- Surveillance and behaviour change: measuring the pandemic Infectious Disease Research Network workshop, Regents College, London June 2010
- Measuring social networks in schools EPIDEMICS conference, Athens December 2009
- Gripenet in the UK Epiwork meeting, ISI, Turin November 2009
- Weighted networks, mathematical models, and a bit of flu Seminar, Imperial College October 2009
- Human social contact patterns and the spread of infection Ecology and Evolution of Infectious Disease conference, University of Georgia May 2009
- Modelling epidemics on networks Seminar, University of Liverpool February 2009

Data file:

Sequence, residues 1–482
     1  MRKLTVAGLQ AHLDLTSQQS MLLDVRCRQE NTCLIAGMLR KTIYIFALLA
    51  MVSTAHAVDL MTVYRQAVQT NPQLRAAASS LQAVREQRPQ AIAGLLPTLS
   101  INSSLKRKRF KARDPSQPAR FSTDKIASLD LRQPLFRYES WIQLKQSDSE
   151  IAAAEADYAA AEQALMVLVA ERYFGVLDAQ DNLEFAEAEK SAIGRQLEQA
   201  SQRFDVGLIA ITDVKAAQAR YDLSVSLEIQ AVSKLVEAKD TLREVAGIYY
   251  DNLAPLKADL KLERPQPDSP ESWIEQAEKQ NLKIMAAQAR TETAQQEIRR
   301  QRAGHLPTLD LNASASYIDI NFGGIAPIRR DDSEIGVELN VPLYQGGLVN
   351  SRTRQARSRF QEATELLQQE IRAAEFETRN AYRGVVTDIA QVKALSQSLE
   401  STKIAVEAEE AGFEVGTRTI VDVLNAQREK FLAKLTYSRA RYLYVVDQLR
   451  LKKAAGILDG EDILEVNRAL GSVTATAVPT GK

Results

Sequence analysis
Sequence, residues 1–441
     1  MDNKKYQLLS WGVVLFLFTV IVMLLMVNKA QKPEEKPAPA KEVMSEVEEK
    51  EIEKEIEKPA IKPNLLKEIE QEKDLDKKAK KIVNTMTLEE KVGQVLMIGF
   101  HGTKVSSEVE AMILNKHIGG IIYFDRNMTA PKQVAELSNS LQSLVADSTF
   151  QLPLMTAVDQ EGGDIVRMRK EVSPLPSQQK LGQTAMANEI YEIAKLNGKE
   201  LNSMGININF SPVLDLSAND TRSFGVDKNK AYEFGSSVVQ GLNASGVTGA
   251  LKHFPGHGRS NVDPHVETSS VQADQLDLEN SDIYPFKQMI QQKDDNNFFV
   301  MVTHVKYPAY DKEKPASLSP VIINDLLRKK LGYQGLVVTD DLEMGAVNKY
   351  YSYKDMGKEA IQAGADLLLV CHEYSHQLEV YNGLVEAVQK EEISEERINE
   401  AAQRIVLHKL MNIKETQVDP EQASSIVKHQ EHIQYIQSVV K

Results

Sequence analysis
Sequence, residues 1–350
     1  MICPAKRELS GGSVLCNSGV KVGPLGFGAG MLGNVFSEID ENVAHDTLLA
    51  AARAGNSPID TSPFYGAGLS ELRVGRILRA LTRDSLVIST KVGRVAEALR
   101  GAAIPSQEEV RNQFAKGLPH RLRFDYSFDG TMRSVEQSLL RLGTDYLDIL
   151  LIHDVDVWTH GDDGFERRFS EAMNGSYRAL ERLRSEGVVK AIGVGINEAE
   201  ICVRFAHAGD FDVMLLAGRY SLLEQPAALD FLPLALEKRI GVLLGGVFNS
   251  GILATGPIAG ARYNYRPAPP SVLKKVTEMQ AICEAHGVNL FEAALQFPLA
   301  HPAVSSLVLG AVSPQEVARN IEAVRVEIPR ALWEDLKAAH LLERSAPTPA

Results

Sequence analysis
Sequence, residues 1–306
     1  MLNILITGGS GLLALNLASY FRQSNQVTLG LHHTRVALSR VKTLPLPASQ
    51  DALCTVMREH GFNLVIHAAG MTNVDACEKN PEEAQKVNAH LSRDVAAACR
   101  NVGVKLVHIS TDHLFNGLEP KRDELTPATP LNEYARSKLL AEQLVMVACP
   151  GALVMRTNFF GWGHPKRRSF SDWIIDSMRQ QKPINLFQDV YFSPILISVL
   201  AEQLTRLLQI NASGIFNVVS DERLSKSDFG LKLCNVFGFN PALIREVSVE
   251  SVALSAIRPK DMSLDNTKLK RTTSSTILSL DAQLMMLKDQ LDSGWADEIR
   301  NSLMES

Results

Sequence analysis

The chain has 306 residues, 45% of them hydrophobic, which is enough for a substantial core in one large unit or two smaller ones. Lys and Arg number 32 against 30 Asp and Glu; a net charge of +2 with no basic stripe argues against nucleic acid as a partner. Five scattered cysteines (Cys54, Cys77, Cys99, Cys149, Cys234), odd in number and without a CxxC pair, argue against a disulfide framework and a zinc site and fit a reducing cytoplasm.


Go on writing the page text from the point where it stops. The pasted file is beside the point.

- Weighted networks and disease control Seminar, University of Sussex January 2009.
- Approximations of individual level dynamics: approaches and omissions Spatial epidemiology workshop, Penn State University November 2008.
- Weighted networks: modelling and control ESF symposium, Utrecht November 2008.
- Epidemic control on weighted social networks SMB conference, Toronto August 2008.
- Mixing patterns in primary schools - classrooms, playgrounds, and transmission Transmission workshop, Warwick (poster presentation) July 2008.
- Childhood infectious diseases Wellcome Trust People Award project presentation, Cambridge July 2008.
- Mixing patterns in primary schools - data collection and public science POLYMOD meeting, Antwerp June 2008.
- Modelling epidemics on networks - what's the point? RAPIDD workshop, Penn State University April 2008.
- Outbreak! Tracking deadly diseases Royal Institution public lecture October 2007.